Tuesday, 28 June 2016

Deprived!



I'm all too aware that I haven't blogged about the course by the Sensory Integration Network  that I went on a couple of weeks ago. It's not an oversight on my part.  Most of the time my posts are of 'the quick and dirty' variety, knocked up whilst I sup my first cup of tea.  Hell, on a good day I can even manage to complete two and schedule one ahead for later so I can have a  nifty lie-in on another day. What I learned on my course about sensory integration and older adults was so important that I want to write  in a way that does it justice.  Maybe over a few posts.    It'll take a little time, a resource that seems to be in short supply at the moment. So you'll have to wait.

As a precursor to what I'm want to share please take a few moments to watch this video or read the article contained in this link.  They're both from an old episode of the BBC's 'Horizon'. They make apparent the extent of the suffering that can come around when healthy working aged adults spend just a short time in a sensory deprived environment.  Now I work with elderly people with dementia whose diet of sensory stimulants suffers not just from living in underwhelming environments but as a consequence of the physiological processes of ageing.  A recent piece of  work by Pinto  found that 94% of older adults in a sample suffered at least one sensory deficit.  And that's after adequately corrected sight and hearing loss were ignored for the purpose of this study!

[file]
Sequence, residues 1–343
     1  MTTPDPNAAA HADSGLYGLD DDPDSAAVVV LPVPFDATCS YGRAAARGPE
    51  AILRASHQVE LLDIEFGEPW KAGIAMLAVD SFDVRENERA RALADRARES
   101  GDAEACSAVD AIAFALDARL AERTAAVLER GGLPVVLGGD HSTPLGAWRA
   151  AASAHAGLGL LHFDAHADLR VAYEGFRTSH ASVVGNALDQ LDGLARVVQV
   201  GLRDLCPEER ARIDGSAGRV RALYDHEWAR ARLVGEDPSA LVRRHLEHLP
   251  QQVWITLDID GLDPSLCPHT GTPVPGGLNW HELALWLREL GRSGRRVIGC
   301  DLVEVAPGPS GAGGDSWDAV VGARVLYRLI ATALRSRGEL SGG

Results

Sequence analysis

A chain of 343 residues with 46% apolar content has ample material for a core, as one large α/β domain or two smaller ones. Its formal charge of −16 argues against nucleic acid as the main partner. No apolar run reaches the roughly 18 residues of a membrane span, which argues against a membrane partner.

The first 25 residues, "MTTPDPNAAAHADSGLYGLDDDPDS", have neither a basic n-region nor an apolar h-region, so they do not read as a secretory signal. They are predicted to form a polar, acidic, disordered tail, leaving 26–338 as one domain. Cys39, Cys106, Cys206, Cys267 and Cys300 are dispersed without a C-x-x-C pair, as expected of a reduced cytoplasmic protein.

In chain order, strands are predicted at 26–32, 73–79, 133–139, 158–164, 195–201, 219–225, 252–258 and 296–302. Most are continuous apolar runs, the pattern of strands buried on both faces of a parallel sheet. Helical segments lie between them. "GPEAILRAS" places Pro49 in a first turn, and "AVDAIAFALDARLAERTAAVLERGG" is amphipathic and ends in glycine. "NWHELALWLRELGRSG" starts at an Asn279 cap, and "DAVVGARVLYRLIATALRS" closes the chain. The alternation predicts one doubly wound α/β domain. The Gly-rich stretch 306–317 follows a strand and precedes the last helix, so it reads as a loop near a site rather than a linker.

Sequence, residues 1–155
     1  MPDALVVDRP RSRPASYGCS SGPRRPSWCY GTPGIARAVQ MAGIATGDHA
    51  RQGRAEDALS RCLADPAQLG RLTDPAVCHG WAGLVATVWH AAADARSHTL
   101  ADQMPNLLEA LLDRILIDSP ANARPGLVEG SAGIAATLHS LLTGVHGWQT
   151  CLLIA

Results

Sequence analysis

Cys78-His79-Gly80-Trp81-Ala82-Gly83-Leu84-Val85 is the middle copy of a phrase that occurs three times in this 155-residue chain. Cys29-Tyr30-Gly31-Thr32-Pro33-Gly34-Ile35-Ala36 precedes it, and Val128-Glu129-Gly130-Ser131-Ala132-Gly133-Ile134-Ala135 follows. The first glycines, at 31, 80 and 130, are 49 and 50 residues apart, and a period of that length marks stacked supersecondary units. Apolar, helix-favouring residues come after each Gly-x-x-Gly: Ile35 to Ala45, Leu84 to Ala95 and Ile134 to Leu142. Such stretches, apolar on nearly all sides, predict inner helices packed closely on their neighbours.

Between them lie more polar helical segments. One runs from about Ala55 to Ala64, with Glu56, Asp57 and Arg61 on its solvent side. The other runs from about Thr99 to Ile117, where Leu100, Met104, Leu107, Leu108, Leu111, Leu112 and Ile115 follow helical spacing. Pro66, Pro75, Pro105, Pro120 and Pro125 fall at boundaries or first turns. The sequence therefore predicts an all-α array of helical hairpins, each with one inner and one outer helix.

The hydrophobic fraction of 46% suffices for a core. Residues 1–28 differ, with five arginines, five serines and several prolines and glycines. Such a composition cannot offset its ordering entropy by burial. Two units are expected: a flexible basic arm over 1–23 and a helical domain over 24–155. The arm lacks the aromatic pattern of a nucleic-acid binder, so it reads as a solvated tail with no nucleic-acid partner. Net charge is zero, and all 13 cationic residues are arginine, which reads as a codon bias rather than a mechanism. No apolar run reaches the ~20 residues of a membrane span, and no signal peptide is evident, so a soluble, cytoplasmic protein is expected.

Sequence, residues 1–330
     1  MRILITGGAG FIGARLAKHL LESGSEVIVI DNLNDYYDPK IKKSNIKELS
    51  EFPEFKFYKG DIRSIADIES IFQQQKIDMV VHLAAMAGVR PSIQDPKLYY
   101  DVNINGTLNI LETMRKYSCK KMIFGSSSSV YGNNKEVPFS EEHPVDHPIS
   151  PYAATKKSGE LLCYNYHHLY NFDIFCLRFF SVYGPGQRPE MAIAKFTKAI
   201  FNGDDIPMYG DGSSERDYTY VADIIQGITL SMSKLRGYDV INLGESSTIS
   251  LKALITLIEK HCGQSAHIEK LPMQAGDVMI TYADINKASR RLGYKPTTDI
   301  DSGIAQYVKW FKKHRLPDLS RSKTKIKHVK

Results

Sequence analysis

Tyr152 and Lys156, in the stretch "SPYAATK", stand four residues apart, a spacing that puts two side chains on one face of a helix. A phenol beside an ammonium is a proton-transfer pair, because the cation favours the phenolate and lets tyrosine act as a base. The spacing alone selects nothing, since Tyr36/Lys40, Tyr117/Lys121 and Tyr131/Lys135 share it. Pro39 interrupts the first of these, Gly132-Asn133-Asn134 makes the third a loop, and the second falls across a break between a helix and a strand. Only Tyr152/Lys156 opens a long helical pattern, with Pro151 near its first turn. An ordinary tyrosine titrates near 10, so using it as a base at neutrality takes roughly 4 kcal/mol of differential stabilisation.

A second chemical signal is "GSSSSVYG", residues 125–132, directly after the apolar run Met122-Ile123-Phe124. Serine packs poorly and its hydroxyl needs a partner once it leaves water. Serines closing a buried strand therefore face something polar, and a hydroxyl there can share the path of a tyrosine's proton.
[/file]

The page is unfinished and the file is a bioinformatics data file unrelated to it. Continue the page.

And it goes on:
A penny has dropped. Many of the people that I work with must suffer sensory deprivation day in day out at a level which is bewildering at the least but maybe more often and not frightening.  Torturous in fact!  No wonder they behave oddly, lash out and put themselves in situations of danger.  The course was billed as 'life changing learning'.  It certainly was.  I feel that I would be negligent of me not to incorporate the teaching from the day into practice.

2 comments:

  1. We were so fortunate that both my parents were able to stay in their own home right until the day they passed away. They had a beautiful field to look out in their back yard, and a park/playgground across the street, so even when my mom was less mobile, we could get her out for walks on the bike path using her chair and she got to see the kids sporting events and enjoy the warm days.Your work is so important-so many do not get the opportunity to choose life's end on their own term and own turf. You bring dignity when there might otherwise be loneliness.

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    1. Sadly I fear that I don't have enough time to bring enough dignity but I do try. x

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